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Men's lacrosse seeks third straight national championship

Last May 26, the men's lacrosse team routed Maryland, 19-7, in the NCAA championship final to successfully defend its national title and establish itself as the dominant team in collegiate men's lacrosse.

This year, Princeton is looking to solidify its place as one of the best teams in lacrosse history.


"We try to set big goals around here," head coach Bill Tierney said. "Our goals are always first, to win the Ivy League championship, and second, the National Championship."

Indeed, those goals have been met with striking regularity in recent years: five Ivy and four national titles in the last six years. This year, anything short of a win in the National Championship game on Memorial Day will be a disappointment to the two-time defending national champions. The Tigers also have a 28-game winning streak going – the third-longest in the history of college lacrosse.

And Princeton has not lost a step. Seven starters return for the No. 1-ranked team in Face-Off Magazine's 1998 Preseason Poll.


"Every single team that we play will want to knock our heads off," senior attackman Jon Hess said.

While the Tigers have lost some players at key positions – namely midfielder and goalkeeper – attackman does not number among them. Seniors Jesse Hubbard, Chris Massey and Hess return for one more opportunity to defend the championship.

Commonly regarded as one of the best attack trios in the history of the sport, they even spread thin the strongest of close defenses.


"They make us all look good," senior defenseman Christian Cook said.

Beauty school

They make themselves look good, too: 463 total points in 45 career games, 100 points in eight NCAA tournament appearances and six All-America selections. As a group, the three represent 53 percent of the Tigers' goalscoring over the last two campaigns.

Not surprisingly, Princeton will initiate the majority of its offense from the attack with Hess quarterbacking the offensive set from behind the cage.

Nor is attackman the only position at which the Tigers return both experience and All-Americans. Despite losing second-team All-American Becket Wolf '97 to graduation, this year's close defense should be able to put the screws on the most potent attacks.

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The unit boasts two returning starters – Cook and junior Kurt Lunkenheimer – and the third starter, junior John Harrington will move back from his old position of longstick midfielder. Cook, a third-team All-America and first-team All-Ivy selection, will usually draw the opponent's top offensive threat, either an attackman or a middie. Honorable mention All-American Lunkenheimer will serve as the Tigers' crease defenseman.

"I wouldn't want another guy (than Lunkenheimer) in the country in the middle of our defense," Tierney said. "It's the hardest position to play."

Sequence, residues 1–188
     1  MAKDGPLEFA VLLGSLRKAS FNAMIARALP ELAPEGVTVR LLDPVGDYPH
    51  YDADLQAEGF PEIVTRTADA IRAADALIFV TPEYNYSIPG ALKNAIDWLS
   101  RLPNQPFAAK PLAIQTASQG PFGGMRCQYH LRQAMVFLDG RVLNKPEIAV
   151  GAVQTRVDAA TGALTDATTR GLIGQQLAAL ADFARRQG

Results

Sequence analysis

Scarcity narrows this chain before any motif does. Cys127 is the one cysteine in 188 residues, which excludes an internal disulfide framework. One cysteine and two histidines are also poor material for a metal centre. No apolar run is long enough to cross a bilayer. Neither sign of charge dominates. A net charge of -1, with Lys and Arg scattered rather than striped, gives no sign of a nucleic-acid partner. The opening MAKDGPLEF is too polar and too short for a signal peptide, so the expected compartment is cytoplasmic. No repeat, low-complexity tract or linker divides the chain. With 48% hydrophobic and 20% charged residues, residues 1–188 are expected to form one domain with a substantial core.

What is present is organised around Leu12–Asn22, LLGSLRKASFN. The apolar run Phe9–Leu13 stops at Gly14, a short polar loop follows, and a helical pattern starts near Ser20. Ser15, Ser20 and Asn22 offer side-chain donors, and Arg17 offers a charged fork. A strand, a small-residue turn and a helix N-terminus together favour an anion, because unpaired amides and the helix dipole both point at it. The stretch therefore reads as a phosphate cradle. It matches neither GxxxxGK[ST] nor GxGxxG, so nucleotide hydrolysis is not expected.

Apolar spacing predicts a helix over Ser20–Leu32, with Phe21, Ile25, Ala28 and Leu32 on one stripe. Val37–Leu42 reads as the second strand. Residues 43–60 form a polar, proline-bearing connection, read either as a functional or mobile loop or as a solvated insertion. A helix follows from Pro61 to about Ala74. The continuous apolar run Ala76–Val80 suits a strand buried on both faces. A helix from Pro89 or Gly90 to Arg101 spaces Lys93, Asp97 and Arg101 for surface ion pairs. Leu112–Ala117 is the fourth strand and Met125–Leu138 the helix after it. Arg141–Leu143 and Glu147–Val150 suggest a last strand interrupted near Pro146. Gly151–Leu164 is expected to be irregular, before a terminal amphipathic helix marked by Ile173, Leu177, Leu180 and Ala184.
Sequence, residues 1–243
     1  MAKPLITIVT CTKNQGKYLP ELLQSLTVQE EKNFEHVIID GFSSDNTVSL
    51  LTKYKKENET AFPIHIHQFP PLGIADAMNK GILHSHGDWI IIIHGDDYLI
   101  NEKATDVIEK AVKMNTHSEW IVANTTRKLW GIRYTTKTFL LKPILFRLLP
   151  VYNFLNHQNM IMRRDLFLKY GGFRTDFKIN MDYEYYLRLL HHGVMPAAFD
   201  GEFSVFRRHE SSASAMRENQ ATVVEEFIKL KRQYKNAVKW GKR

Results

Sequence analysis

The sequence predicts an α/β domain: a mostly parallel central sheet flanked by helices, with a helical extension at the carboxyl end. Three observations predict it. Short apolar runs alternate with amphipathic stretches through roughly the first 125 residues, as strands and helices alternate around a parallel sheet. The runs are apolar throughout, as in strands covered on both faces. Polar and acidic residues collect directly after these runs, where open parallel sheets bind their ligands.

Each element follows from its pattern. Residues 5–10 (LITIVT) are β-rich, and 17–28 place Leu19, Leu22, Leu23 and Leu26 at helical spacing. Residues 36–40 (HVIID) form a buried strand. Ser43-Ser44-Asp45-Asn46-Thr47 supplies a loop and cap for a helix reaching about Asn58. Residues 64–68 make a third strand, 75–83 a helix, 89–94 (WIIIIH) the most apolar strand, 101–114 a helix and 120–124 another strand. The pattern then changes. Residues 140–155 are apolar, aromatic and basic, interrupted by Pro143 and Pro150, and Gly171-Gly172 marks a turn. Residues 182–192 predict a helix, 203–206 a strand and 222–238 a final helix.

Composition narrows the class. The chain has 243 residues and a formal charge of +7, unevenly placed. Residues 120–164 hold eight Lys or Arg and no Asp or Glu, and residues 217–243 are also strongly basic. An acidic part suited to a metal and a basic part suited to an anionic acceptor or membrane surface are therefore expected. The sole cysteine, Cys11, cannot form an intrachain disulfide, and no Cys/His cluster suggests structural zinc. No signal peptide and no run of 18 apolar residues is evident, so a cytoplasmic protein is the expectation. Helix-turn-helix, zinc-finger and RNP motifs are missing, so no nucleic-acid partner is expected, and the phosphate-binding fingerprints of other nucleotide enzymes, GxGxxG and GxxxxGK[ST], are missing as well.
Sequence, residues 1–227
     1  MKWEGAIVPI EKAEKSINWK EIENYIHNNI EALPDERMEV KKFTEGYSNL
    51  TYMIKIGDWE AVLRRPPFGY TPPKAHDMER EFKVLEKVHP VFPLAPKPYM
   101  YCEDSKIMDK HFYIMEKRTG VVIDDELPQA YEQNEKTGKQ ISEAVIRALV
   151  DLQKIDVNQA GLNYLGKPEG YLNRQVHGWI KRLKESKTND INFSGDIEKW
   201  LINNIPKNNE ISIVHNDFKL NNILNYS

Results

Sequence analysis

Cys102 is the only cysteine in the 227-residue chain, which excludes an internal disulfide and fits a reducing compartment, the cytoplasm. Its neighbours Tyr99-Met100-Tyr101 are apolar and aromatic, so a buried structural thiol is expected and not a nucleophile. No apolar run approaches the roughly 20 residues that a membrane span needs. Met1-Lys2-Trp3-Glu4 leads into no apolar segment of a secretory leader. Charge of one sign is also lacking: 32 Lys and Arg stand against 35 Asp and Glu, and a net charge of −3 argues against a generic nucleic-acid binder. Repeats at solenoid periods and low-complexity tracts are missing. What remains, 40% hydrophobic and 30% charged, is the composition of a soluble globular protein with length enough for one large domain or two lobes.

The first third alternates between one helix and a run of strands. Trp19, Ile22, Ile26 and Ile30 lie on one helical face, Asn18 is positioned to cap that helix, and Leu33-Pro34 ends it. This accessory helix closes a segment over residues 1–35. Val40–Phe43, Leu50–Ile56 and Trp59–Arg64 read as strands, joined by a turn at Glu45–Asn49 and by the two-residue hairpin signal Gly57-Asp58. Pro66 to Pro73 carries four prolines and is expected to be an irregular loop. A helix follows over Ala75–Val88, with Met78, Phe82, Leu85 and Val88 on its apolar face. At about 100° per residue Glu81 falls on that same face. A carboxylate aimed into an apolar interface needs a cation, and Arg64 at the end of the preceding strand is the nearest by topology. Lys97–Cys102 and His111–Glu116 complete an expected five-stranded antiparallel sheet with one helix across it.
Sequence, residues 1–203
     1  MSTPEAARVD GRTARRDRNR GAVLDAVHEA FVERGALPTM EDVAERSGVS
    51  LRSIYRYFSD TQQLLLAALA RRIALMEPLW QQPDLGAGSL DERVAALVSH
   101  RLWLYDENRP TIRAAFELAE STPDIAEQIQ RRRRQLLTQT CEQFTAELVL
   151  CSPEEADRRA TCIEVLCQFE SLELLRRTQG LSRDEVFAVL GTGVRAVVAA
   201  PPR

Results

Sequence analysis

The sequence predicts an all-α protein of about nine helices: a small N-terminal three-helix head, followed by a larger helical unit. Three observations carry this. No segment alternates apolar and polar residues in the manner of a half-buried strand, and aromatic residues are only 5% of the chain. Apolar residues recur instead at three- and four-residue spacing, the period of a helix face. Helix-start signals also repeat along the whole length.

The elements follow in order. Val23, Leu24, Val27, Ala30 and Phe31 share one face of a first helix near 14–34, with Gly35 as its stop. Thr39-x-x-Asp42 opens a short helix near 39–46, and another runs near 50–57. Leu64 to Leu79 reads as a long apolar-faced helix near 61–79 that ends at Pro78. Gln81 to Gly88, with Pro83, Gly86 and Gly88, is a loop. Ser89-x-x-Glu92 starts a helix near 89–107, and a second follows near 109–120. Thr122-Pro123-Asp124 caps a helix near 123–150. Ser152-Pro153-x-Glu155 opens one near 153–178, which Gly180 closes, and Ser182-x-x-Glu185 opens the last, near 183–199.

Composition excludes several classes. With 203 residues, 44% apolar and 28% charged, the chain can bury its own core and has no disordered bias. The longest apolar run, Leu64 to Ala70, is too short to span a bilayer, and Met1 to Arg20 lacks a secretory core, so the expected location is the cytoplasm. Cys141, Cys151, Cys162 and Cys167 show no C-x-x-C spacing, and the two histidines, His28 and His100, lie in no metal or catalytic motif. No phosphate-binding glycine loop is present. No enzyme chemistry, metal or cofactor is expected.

Juniors Ted Martell and Jason Farrell complete what Tierney hopes will be a fluid five-man rotation among the longsticks, in which playing time for Martell and Farrell will hinge on Cook's assignment. If a match-up draws the senior into the midfield, Farrell will fill in at close defense. A good opposing attackman will allow Martell to run as the longstick midfielder.

But no team is perfect, even when it enters the season on top of the polls. Graduation has left a major void between the pipes.

Gaping hole

Gone is goaltender Patrick Cairns '97 and his 37-3 career record. In his place are three candidates for the starting goalie duties: senior Neal DiBello, junior Corey Popham and freshman Trevor Tierney, none of whom have any significant game experience. The decision of whom to start will most likely be made later today by coach Tierney.

Last June's graduation ceremony claimed nine midfielders in addition to Cairns, including Jason Osier and Todd Eichelberger – two-thirds of last year's first midfield line. Combined with junior Lorne Smith, the trio had played together for two years, developing a comfortable rhythm that helped control the offensive pace.

Smith and his first-team All-America status will serve to anchor the new top line with two sophomores, Josh Sims and Chris Berrier. Both saw some action last year, with Sims proving his mettle immediately when he scored the winning goal one minute, 24 seconds into overtime to defeat Johns Hopkins, 7-6, in the 1997 season opener.

"If you put a shortstick on any one of them, it's a mismatch," Hess said. "But we still have to see what they can do."

After the first line, the questions intensify. Who will replace face-off specialists Dennis Kramer '97 and James Mitchell '97? Who will play defensive middie along with Cook or Martell in the longstick position?

No comment

With two days left before the season-opening faceoff, Tierney still hasn't answered them.

" 'If Tierney's got this team that's supposed to have a lot of experience coming back,' " the head coach said, mimicking others' questions, " 'do you throw such an important job (faceoffs) in the hands of freshmen and ask the other guys to struggle with that and still get the job done? Or do you go with some more experienced guys?' "

Senior midfielder Greg Mecca, Sims and Berrier are those experienced guys, while freshmen midfielders Winship Ross and Matt Bailer are all also vying for the position. As for the defensive midfield, Mecca and senior Mark Whaling may well buttress either longstick.

Regardless of who is at midfield and in the net, odds are they will be celebrating with Hess, Hubbard and Massey on Memorial Day, making it a three-peat.